The story of Sherem, while an obvious clue of the existence of non-Lehites, is not the only clue of the presence of Native Americans living amongst the Book of Mormon peoples. Other clues later in the book allude to the fact that the Jewish refugees in America dwelled among Amerindians already there. For example, when Alma was visiting the land of Ammonihah and was led to the door of Amulek, Amulek greeted him by noting their kinship, “I am a Nephite,” he said (Alma 8:20). This would have been a very redundant thing to declare if everyone in Ammonihah were descendants of Nephi. But, being located on the edge of the Book of Mormon lands, Ammonihah was likely a cosmopolitan crossroads with Native Americans living alongside descendants of Nephi like Amulek. 

There would have been many, also, that were descendants of both Lehi’s party AND the others who were already here in 600 BCE. Since the Alma and Amulek meeting occurred around 80 BCE, approximately 20 generations had passed since Lehi and the intermixing of peoples would have been very thorough by that point.

The Zoramite lands were likely also populated by a similar mix of races. When Alma the Younger prayed for the Zoramites he plead, “O Lord, their souls are precious, and many of them are our brethren” (Alma 31:35). This, of course, means that not all of them were of his people. Who would the others be? Native Americans already there.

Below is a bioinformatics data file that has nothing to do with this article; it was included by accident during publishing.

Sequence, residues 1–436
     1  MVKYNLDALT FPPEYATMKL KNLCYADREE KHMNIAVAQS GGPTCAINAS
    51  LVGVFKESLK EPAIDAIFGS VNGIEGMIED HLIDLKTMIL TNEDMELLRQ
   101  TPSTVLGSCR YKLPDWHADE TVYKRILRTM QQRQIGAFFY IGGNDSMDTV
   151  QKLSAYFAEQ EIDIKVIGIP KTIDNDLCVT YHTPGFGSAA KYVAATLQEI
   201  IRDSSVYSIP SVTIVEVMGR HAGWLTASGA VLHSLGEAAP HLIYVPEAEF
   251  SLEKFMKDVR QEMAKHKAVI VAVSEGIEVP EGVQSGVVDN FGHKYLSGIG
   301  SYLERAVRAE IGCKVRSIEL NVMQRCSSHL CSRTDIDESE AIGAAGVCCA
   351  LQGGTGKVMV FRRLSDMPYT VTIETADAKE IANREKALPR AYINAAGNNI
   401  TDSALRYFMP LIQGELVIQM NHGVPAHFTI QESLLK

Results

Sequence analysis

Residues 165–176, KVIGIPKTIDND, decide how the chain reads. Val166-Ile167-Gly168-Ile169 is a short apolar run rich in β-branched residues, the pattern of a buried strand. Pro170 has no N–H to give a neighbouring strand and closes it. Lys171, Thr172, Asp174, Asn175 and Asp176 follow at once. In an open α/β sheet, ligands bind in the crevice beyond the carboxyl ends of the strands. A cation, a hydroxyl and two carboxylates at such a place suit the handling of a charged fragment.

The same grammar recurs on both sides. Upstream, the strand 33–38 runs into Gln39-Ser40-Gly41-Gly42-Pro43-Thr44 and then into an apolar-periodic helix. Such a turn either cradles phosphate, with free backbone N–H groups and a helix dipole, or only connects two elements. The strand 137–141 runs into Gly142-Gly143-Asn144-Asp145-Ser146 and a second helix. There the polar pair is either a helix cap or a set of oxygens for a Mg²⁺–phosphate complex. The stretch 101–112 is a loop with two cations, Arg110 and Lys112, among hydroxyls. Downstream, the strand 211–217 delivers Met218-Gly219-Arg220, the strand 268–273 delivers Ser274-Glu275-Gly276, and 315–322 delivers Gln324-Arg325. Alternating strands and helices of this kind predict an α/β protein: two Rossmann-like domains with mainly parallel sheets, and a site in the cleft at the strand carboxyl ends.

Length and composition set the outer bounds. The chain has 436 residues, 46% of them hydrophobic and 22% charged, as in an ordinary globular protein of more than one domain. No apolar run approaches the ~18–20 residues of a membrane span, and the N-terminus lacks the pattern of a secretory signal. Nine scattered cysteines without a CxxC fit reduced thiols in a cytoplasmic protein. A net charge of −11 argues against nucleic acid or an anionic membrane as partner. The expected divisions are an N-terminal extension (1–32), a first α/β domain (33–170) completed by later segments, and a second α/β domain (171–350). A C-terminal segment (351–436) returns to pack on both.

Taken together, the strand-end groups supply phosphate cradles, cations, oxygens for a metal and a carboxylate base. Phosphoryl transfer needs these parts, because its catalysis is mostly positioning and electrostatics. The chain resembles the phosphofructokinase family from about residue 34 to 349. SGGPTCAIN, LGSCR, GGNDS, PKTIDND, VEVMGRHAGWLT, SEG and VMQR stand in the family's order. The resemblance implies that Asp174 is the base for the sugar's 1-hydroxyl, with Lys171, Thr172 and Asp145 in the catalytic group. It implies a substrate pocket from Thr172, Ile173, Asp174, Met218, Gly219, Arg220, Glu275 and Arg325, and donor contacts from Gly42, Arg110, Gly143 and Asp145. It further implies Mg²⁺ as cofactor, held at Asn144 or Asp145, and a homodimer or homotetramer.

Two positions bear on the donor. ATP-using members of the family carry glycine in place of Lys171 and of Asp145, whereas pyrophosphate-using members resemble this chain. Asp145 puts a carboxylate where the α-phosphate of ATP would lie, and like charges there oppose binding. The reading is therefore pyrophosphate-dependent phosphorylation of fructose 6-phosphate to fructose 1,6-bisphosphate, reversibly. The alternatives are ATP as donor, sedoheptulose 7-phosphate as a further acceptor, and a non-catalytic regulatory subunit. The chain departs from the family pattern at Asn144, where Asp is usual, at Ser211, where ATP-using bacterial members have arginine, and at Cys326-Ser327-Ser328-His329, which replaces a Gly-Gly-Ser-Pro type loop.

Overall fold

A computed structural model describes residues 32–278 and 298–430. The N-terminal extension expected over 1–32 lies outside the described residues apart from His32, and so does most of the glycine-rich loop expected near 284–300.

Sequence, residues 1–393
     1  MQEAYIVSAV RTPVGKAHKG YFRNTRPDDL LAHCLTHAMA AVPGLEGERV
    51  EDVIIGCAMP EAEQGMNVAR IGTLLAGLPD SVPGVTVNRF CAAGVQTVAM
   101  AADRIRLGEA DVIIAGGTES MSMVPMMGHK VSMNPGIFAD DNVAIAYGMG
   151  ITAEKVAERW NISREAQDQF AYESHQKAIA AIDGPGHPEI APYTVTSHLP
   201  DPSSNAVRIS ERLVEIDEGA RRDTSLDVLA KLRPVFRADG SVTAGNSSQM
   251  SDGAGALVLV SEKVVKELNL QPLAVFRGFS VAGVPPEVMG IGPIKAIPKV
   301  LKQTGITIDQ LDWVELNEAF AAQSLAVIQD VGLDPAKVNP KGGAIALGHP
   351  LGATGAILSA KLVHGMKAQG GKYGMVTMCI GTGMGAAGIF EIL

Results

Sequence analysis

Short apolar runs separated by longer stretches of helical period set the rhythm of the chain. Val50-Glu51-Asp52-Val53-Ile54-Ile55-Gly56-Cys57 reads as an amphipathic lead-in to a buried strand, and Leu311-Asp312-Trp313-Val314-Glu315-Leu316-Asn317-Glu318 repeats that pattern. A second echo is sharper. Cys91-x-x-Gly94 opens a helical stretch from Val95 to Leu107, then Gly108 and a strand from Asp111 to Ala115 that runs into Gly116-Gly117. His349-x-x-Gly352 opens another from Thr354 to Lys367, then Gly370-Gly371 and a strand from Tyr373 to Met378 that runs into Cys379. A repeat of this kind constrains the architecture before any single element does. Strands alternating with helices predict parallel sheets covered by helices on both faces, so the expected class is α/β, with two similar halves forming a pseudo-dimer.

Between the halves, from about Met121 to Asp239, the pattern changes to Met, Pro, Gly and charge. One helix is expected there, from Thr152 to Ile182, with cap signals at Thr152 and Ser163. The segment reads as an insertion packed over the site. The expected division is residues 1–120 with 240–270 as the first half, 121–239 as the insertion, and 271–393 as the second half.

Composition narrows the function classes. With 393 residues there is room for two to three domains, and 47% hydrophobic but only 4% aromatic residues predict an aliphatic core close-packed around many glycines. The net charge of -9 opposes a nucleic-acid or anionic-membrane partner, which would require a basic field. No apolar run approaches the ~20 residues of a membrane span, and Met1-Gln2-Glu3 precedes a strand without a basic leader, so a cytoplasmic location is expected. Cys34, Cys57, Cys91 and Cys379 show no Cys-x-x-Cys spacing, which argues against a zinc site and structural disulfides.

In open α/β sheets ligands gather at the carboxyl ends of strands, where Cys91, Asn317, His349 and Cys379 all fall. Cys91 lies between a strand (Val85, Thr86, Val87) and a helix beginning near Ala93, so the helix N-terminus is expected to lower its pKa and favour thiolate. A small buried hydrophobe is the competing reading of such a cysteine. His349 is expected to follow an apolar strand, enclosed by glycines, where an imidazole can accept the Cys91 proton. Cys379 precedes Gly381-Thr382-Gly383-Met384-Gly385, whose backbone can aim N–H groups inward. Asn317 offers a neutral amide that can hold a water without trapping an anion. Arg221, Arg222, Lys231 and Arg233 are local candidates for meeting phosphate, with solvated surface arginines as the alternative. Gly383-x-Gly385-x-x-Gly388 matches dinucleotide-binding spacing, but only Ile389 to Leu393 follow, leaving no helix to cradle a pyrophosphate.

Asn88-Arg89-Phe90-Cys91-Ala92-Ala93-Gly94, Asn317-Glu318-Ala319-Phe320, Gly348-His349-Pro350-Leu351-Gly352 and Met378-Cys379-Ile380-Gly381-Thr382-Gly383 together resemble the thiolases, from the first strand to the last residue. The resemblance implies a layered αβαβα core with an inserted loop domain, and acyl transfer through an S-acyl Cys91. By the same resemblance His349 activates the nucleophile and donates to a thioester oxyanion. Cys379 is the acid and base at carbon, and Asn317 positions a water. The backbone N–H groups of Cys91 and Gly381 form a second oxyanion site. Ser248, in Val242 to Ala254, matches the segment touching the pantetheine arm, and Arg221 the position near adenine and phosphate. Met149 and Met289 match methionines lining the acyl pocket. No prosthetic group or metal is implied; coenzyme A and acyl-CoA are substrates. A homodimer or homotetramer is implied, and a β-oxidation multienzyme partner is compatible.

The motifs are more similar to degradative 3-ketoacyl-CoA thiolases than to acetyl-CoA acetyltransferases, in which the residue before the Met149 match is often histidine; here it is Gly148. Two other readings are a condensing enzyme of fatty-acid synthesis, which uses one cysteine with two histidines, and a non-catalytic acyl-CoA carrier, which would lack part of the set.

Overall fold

In conclusion, I take the Book of Mormon for what it purports to be–“a record of God’s dealings with ancient inhabitants of the Americas” (Introduction). Based on archeology and all that has been uncovered about the ancient Americas, this means that Lehi and his group arrived in a hemisphere already teeming with tens of thousands of tribes. Clues explained above, and many more within the scriptural record, point to the existence of many of Nephi’s neighbors.

Mike Winder is the author of 14 books, including his newest, Hidden in Hollywood: The Gospel Found in 1001 Movie Quotes. Illustration by Image Creator from Microsoft Designer with prompts from the author.

4 comments for “Sherem the Native American

  1. After all, the multiple wives and girlfriends of the wicked Nephites were not just Jacob’s grandkids and nieces and nephews sinning with each other.

    I’m not so sure. Jacob’s admonition not to revile the Lamanites for the color of their skin makes no sense if the Nephites themselves were not still white. Perhaps their racism led them to take multiple wives from among the Lehites rather than intermarry with the native women. Jacob’s sermon opposes that and implicitly advocates for intermarriage, which conveniently eliminates the justification for polygamy.

  2. Upon reflection, my second sentence makes more sense as follows:

    Perhaps their racism led them to take multiple wives from among the Lehites rather than allow those Lehite women to marry native men.

  3. I figure that Sherem was a Lamanite. We jump to the conclusion that the Lamanites had no religion, but it makes sense for Laman or Lemual to have kept a whole lot of the Law of Moses going in their lifetimes. If for any other reason than to retain the power structure it provided them. They would have viewed the Nephites as corrupting the Law of Moses with teachings of Christ. Given the division between the two groups it wouldn’t be surprising if very old Jacob didn’t know the names of all of the next generation Lamanites. So Sherem comes as a Lamanite, to convert the Nephites away from their “corrupted” Law of Moses to the Lamanite version of the Law of Moses.